What does it actually look like to make amends in cases like this?

We’ve seen several people belatedly face consequences for their past tweets recently, including Alexi McCammond, the would-be EIC of Teen Vogue who stepped down before she even officially started when old tweets containing anti-Asian sentiments resurfaced earlier this year. And we’ll likely see many more, especially as the gulf widens between what people used to get away with saying and what’s acceptable now. So, what’s the way forward? Because even though public opinion is shifting, rich and powerful people don’t stop being rich and powerful over a little social media censure; eventually, Teigen will re-enter the public eye and maybe even rejoin Twitter, and I’m not sure what that will feel like.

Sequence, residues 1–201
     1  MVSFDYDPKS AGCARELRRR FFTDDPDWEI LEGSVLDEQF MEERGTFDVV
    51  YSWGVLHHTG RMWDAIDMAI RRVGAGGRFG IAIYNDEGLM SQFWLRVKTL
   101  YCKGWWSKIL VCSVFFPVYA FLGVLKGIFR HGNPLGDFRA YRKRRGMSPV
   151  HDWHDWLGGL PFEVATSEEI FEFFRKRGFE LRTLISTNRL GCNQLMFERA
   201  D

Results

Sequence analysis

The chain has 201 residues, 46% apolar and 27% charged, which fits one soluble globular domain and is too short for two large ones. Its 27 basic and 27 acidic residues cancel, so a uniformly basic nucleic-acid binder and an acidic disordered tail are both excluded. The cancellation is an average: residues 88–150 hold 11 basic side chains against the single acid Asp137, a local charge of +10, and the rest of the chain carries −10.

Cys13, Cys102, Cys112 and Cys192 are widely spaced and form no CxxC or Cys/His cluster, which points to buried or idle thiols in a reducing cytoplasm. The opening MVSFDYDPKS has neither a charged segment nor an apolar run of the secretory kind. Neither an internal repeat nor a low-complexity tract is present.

I think this speaks to a bigger question of how we approach wrongdoing, though. What Teigen did was horrifying and I don’t know that an apology and some time out of the spotlight feels like ‘enough’ punishment. At the same time, I believe in growth and redemption, and I’m trying to actively shift my mindset away from punitive responses to wrongdoing. I just don’t know what that would look like here. A better apology, maybe. The same Friday Things commenter who pointed out that Teigen used Twitter to build her brand also suggested redistribution of wealth (I.e., a big-ass donation to a relevant charity) as a meaningful gesture. I know donations can be perceived as doing the bare minimum, but when framed like this, maybe it feels a lot more significant?

Who gets away with just an apology, and who loses jobs and opportunities?